Thomas Edison’s teacher said he was a bad student. His mother was angry at that characterization, took him out of school and taught him at home.
Edison gave this account of the incident in an interview published on Nov. 29, 1907: “One day I overheard the teacher tell the inspector that I was ‘addled’ and it would not be worthwhile keeping me in school any longer. I was so hurt by this last straw that I burst out crying and went home and told my mother about it. Then I found out what a good thing a good mother is.
“She came out as my strong defender. … She brought me back to school and angrily told the teacher that he didn’t know what he was talking about, that I had more brains than he himself, and a lot more talk like that.
“In fact, she was the most enthusiastic champion a boy ever had, and I determined right then that I would be worthy of her and show her that her confidence was not misplaced.”
A positive word of encouragement can help change anyone’s destiny.
In many ways, Mrs. Edison was a genius herself, at least at motivating and encouraging her son. Did she know that he would become one of the most prolific inventors and thinkers in history? Perhaps not, but she wasn’t going to risk limiting his potential the way his unfeeling teacher was willing to.
In the same vein, good managers have a responsibility to offer encouragement to workers to help them achieve at their maximum level. Otherwise, why would they bother to hire and pay people to do just enough to get by?
Encouragement and motivation go hand in hand, but they are not the same. Motivation is more general — cheerleading, if you will, getting people excited and primed to take on or continue a project.
Encouragement means pointing out a person’s potential and challenging him or her to succeed at a specific goal or project. Encouragement means empowerment, according to Samir Nurmohamed, an assistant professor at the Wharton School at the University of Pennsylvania.
“On the one hand, we know from research that people are much better at work when they feel empowered,” he told Entrepreneur magazine, “which consists of having meaning on the job, a sense of autonomy, a sense of confidence and also an impact on what you do and the people you’re trying to help.
“Yet you don’t want to feel so autonomous that you have no direction,” he continued. It’s one thing to feel autonomous in terms of your motivation, but it’s another to be autonomous and go in the wrong direction.”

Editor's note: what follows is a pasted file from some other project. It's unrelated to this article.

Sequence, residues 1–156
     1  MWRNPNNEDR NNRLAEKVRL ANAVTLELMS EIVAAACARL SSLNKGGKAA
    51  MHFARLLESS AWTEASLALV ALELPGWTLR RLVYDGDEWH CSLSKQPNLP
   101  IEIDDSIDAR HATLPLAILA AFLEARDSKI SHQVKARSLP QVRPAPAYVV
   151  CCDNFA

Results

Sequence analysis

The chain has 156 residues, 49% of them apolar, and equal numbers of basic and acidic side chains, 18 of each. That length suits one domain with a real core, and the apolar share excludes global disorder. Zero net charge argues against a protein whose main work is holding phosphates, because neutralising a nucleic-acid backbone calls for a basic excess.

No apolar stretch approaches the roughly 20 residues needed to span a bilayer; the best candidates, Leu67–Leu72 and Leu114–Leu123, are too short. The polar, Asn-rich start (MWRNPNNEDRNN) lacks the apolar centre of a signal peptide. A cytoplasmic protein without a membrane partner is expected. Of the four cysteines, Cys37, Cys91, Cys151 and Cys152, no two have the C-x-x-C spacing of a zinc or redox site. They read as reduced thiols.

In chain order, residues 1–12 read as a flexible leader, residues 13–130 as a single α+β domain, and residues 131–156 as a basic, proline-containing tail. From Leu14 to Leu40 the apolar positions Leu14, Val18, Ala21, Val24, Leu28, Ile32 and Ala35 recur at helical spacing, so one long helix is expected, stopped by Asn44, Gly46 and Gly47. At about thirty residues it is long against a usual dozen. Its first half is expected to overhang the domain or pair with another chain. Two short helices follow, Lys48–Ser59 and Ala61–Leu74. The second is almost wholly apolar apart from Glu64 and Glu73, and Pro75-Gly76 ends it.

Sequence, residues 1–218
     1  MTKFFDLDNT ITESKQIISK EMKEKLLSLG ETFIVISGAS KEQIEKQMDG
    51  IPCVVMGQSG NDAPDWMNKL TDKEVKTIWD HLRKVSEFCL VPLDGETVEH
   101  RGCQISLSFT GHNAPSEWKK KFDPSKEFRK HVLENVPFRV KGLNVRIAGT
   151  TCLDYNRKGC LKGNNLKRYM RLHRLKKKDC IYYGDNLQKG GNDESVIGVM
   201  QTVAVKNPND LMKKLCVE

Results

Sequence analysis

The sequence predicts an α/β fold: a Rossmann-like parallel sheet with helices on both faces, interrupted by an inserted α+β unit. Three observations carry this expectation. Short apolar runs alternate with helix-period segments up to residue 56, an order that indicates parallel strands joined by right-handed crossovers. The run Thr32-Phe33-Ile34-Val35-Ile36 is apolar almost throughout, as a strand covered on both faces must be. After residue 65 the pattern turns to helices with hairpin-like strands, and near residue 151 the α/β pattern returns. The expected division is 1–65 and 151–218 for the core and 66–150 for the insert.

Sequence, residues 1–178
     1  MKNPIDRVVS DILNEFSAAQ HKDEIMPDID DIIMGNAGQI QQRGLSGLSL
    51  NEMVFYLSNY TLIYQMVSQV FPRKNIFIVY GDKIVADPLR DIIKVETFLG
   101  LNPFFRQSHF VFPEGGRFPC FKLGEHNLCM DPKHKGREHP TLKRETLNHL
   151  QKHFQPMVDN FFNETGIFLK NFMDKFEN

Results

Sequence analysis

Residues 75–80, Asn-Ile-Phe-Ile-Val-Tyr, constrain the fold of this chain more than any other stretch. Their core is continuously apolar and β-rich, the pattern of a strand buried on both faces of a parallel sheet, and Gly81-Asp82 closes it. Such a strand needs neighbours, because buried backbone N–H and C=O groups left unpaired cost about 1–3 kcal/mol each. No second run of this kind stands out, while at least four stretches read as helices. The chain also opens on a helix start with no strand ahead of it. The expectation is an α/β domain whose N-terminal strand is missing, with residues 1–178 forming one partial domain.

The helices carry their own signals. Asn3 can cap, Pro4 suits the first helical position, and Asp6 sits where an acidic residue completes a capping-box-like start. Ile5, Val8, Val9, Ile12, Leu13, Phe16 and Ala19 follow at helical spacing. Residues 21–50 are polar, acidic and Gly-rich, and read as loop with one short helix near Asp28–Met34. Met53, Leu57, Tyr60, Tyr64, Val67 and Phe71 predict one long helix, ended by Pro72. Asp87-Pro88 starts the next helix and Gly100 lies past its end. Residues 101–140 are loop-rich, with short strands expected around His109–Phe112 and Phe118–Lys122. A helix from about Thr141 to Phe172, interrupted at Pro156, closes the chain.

Top managers understand these basic truths about employee encouragement and motivation:
“I want to feel important.” No one wants to feel like a number, interchangeable or easy to forget. Get to know your employees as people. Find out what makes each one unique. And show them you are paying attention to their individuality.
“I need encouragement.” Even the best employees continue to flourish with positive feedback. Let them know what they are doing right and how they can keep performing at a high level. They will be grateful that you have noticed their work and will keep up with their efforts.
“I want to believe in you.” Employees want to know they can trust you — your knowledge, your expertise and your word. Show that you are committed to helping them succeed and grow by listening, answering questions honestly and keeping your promises.
“I want to succeed.” Most employees want to do a good job, even if they don’t want to advance to upper management. Explain your expectations clearly, and give them the training and support they need so they know you are invested in helping them succeed.
“I want to be motivated.” Employees want to be clear about the job’s value to the organization, the benefits the employee will enjoy. Encouragement enhances enthusiasm and commitment.
Hall of Fame ballplayer Reggie Jackson put it in baseball terms, but I think it applies across the board: “A great manager has a knack for making ballplayers think they are better than they think they are. He forces you to have a good opinion of yourself. He lets you know he believes in you. He makes you get more out of yourself. And once you learn how great you really are, you never settle for playing less than your very best.”
Mackay’s Moral: Encouragement gives you the courage to try.
Harvey Mackay is a Minneapolis businessman. Contact him at 612-378-6202 or e-mail firstname.lastname@example.org.